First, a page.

"Oh, I've talked to Bernie, Bernie's going to endorse her, this is going to work out," Biden told National Public Radio in an interview for "Weekend Edition" that will air on Sunday. A portion of the interview was released Thursday evening.
"The Democrats are coalescing even before this occurs," he added.
Sanders has yet to formally back Clinton, who clinched the nomination earlier this month. He's working to ensure his top agenda items -- including combating income inequality and reforming the banking system -- are taken up by Clinton and other Democrats this election year.
However, the Vermont senator did say last week he would likely vote for Clinton
in November, regarding her as the most probable candidate to beat Donald Trump, the presumptive GOP nominee.
Asked about Biden's remarks on MSNBC on Thursday, Sanders said he had last spoken with Biden three weeks ago. He didn't deny that he would endorse Clinton but also declined to confirm Biden's comments.
"I said, 'Right now, my hope is that we can reach an agreement on some very important issues and I can go forward to the millions of people who supported me and say, look, this is the progress you have made. This is where we're going to go as a country.' So I hope it happens. As of this moment, we're not there quite yet."
Other top party leaders, including Biden, President Barack Obama and Sen. Elizabeth Warren have all thrown their support behind Clinton. Biden's endorsement
was low-key, without the type of hyped rollout that accompanied Obama's public backing of Clinton.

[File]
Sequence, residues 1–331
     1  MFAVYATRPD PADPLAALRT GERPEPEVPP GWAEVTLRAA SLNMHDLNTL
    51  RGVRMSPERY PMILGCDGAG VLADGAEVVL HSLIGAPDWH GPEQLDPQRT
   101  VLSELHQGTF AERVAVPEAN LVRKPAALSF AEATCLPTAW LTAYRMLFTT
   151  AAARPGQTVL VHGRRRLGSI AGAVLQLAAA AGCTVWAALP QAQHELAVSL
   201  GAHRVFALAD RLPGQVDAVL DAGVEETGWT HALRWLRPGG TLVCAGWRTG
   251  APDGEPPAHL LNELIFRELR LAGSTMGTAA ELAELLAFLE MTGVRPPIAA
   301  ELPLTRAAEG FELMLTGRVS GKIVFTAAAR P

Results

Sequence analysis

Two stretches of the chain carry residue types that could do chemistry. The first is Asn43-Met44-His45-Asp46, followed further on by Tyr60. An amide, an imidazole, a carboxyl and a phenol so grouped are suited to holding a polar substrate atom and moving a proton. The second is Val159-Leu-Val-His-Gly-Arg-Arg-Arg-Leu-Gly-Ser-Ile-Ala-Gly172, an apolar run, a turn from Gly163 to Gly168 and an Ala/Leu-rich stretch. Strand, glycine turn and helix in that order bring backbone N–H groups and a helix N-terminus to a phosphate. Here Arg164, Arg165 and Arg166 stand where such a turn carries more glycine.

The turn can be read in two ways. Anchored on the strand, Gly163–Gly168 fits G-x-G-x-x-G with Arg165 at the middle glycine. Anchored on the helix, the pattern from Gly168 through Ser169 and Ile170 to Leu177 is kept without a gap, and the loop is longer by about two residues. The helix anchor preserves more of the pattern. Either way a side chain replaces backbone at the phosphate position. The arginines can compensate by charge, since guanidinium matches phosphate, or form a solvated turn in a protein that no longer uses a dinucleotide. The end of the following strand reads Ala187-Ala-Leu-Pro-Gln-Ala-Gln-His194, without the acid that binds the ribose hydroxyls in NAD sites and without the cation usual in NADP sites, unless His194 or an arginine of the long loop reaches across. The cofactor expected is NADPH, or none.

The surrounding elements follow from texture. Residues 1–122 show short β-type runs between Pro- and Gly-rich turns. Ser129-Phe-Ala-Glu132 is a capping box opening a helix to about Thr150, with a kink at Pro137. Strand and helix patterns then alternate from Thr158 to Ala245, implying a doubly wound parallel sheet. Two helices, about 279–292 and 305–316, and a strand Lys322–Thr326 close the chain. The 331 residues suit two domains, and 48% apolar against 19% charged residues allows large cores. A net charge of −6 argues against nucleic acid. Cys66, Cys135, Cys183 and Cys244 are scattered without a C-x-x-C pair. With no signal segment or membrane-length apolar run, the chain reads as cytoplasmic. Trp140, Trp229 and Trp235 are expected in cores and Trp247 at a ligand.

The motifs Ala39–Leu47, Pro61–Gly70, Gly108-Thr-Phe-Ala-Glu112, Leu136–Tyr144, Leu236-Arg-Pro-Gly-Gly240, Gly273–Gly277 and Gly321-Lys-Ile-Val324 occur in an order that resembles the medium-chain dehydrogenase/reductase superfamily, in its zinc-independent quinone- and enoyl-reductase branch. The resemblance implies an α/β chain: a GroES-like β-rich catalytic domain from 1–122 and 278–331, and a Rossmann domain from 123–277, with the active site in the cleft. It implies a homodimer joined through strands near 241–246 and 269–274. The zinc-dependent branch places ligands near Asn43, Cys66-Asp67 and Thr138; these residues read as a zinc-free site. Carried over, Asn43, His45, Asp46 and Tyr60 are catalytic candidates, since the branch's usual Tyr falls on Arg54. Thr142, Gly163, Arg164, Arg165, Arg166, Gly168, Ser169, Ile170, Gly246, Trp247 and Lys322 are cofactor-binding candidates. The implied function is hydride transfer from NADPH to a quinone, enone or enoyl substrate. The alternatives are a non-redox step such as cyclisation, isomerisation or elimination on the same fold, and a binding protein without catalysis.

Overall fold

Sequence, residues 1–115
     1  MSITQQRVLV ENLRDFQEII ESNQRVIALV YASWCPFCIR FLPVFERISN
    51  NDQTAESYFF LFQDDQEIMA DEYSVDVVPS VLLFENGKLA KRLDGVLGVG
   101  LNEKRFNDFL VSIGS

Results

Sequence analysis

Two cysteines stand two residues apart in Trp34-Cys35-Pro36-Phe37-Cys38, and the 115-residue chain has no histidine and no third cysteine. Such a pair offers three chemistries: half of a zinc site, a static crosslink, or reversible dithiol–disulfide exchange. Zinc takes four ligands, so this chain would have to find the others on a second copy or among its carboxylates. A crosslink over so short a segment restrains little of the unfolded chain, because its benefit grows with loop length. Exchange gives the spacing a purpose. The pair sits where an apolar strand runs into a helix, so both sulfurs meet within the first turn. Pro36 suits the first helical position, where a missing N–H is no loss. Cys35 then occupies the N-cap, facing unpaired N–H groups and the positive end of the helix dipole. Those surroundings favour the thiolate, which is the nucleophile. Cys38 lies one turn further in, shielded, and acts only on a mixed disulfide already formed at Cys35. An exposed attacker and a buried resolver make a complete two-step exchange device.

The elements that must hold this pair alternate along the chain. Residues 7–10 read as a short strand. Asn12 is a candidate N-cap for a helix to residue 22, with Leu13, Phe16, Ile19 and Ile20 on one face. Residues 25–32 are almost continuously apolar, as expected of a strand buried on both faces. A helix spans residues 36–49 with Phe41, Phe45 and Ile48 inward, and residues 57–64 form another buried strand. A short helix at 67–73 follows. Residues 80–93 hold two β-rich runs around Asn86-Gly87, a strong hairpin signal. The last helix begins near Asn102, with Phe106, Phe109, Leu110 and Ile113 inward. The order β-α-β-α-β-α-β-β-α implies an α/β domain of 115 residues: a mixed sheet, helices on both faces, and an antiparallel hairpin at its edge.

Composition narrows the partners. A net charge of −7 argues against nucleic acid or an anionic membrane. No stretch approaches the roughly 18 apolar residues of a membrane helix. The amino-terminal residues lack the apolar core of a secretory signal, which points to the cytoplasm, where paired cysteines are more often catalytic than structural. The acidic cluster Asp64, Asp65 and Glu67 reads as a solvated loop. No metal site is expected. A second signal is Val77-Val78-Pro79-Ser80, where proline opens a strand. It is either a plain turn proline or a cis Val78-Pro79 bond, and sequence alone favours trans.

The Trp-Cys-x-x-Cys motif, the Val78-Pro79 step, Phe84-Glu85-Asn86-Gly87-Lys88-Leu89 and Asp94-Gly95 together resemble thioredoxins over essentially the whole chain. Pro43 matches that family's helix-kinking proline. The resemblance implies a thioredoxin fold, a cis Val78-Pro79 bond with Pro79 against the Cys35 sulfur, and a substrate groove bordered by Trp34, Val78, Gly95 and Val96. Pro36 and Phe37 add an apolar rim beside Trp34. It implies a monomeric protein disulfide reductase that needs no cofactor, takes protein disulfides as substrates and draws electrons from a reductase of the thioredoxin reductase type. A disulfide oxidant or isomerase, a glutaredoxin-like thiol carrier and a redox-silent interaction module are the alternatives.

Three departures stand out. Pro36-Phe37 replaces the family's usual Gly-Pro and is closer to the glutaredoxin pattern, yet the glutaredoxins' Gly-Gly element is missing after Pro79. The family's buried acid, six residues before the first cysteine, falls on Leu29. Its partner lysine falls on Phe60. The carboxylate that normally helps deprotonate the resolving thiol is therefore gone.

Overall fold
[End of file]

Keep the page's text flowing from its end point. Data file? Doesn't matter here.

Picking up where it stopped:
But Biden has begun mentioning his support for Clinton regularly, saying he's ready to work to help her get elected.
Biden has also had effusive praise for Sanders, celebrating his longstanding focus on issues of inequality. Biden met Sanders earlier this month at the Naval Observatory following an Oval Office sitdown between Obama and the candidate.
Warren stumped for Clinton on Monday, and both Obama
will appear on the campaign trail for her next week.
Obama will campaign for Clinton in Charlotte, a return to the city where he was formally nominated as the Democratic nominee in 2012. The event is scheduled to take place at the same venue.
Meanwhile, Biden pitches Clinton in Scranton, his hometown.
"Those folks back home know me. And they know my shortcomings, and I have a lot of them, and they know my strengths," Biden told NPR, arguing that familiarity will help him vouch for Clinton.
"I understand the hardest thing to do is not writing the check. The hardest thing is vouching. When you vouch for them you say 'I'm putting my reputation on the line, I believe this person is a good person, has character," Biden said. "You're putting your rep on the line you're saying I think this person has character and that's what I'm prepared to do for Hillary."